Monday, October 24, 2011


Fall seems to be a built in time of year for noticing transitions.  (Enjoy these recent photos from around my neighborhood) Aside from the changing colors outside, and the noticeable difference in weather patterns, I start paying more attention to life transitions as well.  Instead of wanting to spend all of my freetime outside, I start looking forward to things like baking, and crafting.  I start getting the "itch" to study, and read.  My menus begin to reflect more fall flavors, and soups and stews start coming back to the party.  I even start to brainstorm ideas for Christmas gifts!

For whatever reason, lately I've been reflecting on life transitions as well.  We've been going through several as a family.  There are the more obvious transitions like going from a couple to being a family, or being a woman in the workforce, to being a stay at home Mom..  Then there are more subtle transitions - like my spiritual growth.

Some of these transitions have felt natural, and came easily to me.  Others have required a bit more effort on my part.  For instance, Nate and I can no longer just go out to dinner on a whim (or eat dinner together, for that matter!).  Our time together has to be planned, and intentional.  Even with careful planning, sometimes our best efforts are thwarted by a baby girl with an early appointment with her crib.  While I was working, I was used to getting up in the morning before dawn (my position at a local coffee shop required early rising!).  Now I'm usually up several times a night, so waking up around 7 am seems ridiculously early to my sleep deprived body.  While before even if my house was a mess, if I'd had a busy day at work I felt productive, now I need to have visible reminders around me to satisfy that need.  "Look, Honey!  I washed and folded six loads of laundry today!"

Even on the days when I've been working hard at being a Mommy, if I don't have "something to show" my husband at the end of the day, I wind up feeling lazy.  Surely there are lots of other Mommies out there who can nod their heads with understanding at this same conundrum in their own household!  After all, no wife wants their husband to walk in the door after they've had a long day of rocking babies, kissing boo boos, feeding babies, cleaning up after babies, reading stories, searching for Mr. Snuggles, etc. only to hear, "So, what did you do today?"

Then there have been the spiritual transitions.  When I was single, I had an awesome routine in place of spending time with God daily before bed.  I tend to be more of a night owl anyway, so this worked perfectly for me.  I remember having sweet times of prayer, and revelation in God's Word at 1 or 2 in the morning.  I could close the door, and I didn't have to worry about disturbing anyone else in the house with my late night devotions.  After I got married, I had to learn to do things a little differently.  Now there was the challenge of finding time to spend with God alone, as well as a time of devotions as a couple.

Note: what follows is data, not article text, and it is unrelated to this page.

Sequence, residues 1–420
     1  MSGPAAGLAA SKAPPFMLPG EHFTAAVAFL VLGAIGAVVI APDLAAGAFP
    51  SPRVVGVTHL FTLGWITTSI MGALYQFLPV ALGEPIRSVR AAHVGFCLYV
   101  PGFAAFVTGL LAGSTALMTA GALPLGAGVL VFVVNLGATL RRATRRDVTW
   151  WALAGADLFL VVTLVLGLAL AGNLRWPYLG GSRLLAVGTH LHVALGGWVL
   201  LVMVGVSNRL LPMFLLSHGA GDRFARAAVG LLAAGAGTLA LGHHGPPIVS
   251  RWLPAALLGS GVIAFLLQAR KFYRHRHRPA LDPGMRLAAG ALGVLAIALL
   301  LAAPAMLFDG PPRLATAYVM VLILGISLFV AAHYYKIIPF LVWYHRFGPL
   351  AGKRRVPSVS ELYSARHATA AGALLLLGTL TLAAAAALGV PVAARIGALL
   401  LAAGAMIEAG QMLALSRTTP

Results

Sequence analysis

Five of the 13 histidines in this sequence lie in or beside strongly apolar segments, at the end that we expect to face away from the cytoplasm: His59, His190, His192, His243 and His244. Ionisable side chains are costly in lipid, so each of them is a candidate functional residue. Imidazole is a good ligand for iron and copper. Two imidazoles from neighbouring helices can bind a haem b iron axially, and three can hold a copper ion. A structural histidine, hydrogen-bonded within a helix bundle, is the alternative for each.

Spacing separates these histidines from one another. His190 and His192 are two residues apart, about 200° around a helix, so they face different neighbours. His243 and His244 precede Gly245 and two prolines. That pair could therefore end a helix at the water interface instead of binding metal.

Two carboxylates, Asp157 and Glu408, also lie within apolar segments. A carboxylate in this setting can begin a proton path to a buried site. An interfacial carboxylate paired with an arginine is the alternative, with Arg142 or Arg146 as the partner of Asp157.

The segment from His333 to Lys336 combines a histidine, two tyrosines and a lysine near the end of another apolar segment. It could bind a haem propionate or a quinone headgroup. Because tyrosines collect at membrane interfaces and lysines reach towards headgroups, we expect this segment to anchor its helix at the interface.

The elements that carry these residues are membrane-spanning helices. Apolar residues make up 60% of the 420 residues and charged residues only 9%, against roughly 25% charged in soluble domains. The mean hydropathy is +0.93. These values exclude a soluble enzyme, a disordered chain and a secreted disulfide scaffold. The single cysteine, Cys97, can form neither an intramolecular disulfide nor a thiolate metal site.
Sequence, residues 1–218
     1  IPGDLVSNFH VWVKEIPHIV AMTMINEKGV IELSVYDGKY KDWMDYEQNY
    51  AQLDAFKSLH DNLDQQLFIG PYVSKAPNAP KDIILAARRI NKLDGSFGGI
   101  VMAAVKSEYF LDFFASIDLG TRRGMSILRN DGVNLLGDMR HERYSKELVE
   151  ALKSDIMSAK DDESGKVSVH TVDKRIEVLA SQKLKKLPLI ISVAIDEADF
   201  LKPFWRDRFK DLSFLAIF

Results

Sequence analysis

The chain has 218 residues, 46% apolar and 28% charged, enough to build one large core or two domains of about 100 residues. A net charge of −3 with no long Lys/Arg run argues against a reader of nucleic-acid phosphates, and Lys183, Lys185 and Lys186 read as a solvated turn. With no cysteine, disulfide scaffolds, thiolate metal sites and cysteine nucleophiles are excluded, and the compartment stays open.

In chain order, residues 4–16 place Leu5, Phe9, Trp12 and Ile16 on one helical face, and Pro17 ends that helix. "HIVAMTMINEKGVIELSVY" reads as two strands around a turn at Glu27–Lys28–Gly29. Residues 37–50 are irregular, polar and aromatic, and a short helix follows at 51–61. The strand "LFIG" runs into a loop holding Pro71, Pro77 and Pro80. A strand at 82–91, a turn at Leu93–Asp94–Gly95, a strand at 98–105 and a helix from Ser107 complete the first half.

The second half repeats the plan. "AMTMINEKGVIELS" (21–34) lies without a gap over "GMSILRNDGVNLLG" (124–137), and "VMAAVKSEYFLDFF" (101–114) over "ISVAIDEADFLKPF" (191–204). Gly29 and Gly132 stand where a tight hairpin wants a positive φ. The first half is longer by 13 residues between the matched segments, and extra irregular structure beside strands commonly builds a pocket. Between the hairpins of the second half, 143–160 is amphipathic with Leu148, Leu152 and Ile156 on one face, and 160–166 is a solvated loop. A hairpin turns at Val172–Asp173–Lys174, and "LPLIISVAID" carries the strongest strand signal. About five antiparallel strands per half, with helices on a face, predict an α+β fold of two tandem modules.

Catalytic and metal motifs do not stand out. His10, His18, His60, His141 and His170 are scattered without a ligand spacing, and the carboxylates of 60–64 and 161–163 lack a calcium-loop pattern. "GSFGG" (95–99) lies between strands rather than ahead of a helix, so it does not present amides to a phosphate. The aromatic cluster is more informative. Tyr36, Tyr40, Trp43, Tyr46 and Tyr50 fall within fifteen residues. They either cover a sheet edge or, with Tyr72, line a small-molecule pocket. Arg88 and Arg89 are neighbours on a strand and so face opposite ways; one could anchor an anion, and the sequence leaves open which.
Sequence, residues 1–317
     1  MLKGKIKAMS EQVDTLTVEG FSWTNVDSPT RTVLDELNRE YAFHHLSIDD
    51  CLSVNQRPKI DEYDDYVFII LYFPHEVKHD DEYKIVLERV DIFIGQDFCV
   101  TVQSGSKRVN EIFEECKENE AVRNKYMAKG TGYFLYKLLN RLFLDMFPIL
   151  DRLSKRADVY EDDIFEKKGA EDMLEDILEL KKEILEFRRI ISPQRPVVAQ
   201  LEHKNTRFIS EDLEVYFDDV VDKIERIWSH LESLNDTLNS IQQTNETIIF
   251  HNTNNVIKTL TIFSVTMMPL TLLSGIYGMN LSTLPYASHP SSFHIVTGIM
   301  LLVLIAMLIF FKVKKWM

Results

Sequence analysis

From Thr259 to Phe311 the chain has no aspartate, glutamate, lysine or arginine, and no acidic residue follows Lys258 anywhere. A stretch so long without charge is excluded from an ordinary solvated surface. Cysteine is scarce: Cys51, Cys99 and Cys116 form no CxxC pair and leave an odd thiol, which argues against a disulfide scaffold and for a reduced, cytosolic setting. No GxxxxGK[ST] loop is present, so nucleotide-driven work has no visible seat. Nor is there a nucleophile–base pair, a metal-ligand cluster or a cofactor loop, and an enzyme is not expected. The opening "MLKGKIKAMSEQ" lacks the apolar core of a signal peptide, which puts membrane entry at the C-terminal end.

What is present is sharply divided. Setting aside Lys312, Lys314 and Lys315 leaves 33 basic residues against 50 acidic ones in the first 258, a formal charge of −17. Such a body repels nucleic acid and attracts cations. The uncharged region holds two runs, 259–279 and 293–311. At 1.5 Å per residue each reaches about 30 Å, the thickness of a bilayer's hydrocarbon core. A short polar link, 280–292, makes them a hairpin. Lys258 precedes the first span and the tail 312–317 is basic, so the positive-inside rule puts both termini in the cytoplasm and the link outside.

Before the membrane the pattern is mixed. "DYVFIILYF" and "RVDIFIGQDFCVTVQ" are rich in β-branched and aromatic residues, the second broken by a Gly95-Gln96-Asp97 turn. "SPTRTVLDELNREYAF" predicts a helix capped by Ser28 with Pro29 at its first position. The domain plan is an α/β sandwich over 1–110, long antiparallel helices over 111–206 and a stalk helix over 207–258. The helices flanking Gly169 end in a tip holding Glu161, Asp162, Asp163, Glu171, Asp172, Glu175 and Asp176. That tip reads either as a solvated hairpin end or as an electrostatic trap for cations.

Needless to say, there were some days when I was much better at this than others.  Then came Mommyhood.  There seemed to be little time for sleep, let alone much else at first!  When Olivia was very tiny, I could put a Bible next to me while I was nursing, and read aloud to her.  To make a long story short, nursing was quite the process in the beginning, so it took a LONG time.  Anyone who has spent much time around a newborn knows that they eat often, so this system worked well for me.  For a while . . .

Then the process of shifting my time around began again - as I'm sure it will continue to do for the next several years!  On the positive side, these more recent life transitions have driven me to a point of utter dependency on God.  All those moments in the middle of the night with a screaming baby led me to cry out more than once "God, I need your grace and wisdom right now!"  And while it may sound trite, Scripture became my food.  I couldn't have gotten through the first few months of sleep deprivation, total cluelessness on what to do for my tiny, helpless baby, total lack of any alone time with my husband, an attention deprived dog, and a house that hadn't seen a good cleaning in weeks without constant meditation on God's Word.

Before Olivia was born, I took on the challenge of reading through the Bible in 90 days.  The entire Bible.  Cover to cover.  About 3 days in, I was thinking to myself how crazy I was to accept said challenge.  However, though it actually took me about 120 days, I was completely changed on the other side of that process.  If nothing else, I developed such a love for the Word of God!  It was and is living, breathing, and active in my life.  No other book could possible have that effect on me.  It was humbling, to know that God created me with the capacity to think His thoughts after Him.  To know that thousands of years after the words were penned, He still speaks to me through them.  Not a new concept - but so eye opening!

Nate and I have grown immensely in our walk with God over the past year, which has led us to transition between churches.  This transition has been anything but easy, and has pushed us even deeper into our trust in Christ.  Friendships have been tested, our character called into question, and the daunting task of finding a new church fellowship looms.  One thing has held us fast through all of this - and that is our unflinching faith in the Word of God.  It has reminded us that His opinion of us is the only one that matters, and His standard of what is right is the only one we will be measured by.  This has been so comforting in the face of criticism!